The declaration block is a throwback to when Pascal was a teaching language. It also assisted compiler speed in the days of small RAM, but it did so by transferring some of the burden to the programmer. It was a good balance at the time. Hardware limits have shifted since then.

    As to laziness, if a coder is going to write rambling, undisciplined code, enforcing arbitrary restrictions like VAR declaration blocks is not going to prevent that.

    Back in the day, we produced very readable, structured code in assembler. But I had a programming lead that knew his stuff, and I learnt much from him.

    And besides, I don’t think a customer will be impressed by saying “I did this the hard way!”

    Yes, please allow the programmer to declare VAR, CONST, TYPE etc. for local BEGIN-END blocks.

    • “Having to scroll up and down is so annoying and I would glad to see the back of it. Having being forced by my employer to use other languages, I do feel the pain when I return to my home Delphi projects.”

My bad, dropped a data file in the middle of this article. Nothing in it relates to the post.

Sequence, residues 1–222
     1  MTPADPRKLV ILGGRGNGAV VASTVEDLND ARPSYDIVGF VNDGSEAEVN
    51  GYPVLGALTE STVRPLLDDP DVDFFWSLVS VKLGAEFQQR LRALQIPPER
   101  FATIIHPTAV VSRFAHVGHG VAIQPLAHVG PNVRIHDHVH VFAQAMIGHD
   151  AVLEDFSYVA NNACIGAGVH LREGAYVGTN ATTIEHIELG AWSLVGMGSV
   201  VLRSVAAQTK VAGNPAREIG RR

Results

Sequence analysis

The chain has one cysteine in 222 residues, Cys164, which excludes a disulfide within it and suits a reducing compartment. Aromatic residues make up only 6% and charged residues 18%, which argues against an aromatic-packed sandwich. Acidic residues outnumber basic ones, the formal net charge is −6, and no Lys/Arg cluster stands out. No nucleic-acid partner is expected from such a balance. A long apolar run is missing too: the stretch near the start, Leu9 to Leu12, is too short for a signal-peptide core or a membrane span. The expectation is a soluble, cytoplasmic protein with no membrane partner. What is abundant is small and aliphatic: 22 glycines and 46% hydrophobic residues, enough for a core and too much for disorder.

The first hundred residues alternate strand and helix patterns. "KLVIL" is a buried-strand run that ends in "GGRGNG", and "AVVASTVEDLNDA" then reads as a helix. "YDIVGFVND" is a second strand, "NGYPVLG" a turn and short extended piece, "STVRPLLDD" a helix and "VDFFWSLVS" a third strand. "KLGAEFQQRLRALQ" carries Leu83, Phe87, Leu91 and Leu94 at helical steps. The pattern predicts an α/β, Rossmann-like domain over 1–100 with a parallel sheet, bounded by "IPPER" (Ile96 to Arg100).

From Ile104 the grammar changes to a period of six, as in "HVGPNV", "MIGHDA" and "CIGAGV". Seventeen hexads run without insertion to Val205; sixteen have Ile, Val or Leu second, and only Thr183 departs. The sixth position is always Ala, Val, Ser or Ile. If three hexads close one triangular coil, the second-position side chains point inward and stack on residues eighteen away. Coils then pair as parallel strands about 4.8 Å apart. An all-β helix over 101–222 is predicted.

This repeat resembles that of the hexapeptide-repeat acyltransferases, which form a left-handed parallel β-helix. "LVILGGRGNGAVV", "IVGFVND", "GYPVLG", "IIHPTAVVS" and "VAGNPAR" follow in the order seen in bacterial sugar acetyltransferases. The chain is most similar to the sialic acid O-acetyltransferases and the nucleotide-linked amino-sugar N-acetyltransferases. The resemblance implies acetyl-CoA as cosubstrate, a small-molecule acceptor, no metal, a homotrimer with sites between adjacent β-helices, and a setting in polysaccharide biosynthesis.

Yes, this is an (yet another) common complaint of programmers which program in other languages.
      Also, I agree with all the other points you make.
      And to add another one which is related to your points: Forcing us to have (local) procedures even for the smallest things (like a simple for for example) just to have an uncluttered var block leads sometimes to less readable code because sometimes our imagination fails short in finding descriptive names for the plethora of local procedures which we must write. And the above feature doesn’t exclude the old way – it just gives you the flexibility to adapt to the situation at hand.

  10. @LDS – yes, it has serious implications on the compiler. I think that is why it has never been done. I vaguely recall someone from within, at the time Borland, saying something like that.

  11. I like that variables are declared in the beginning of procedure, it makes code cleaner.

    Then again I would like to have the possibility to declare a default value for a variable. For examlpe
    procedure …
    var a: Integer=1;
    begin

    instead current:
    procedure…
    var a:Integer;
    begin
    a := 1;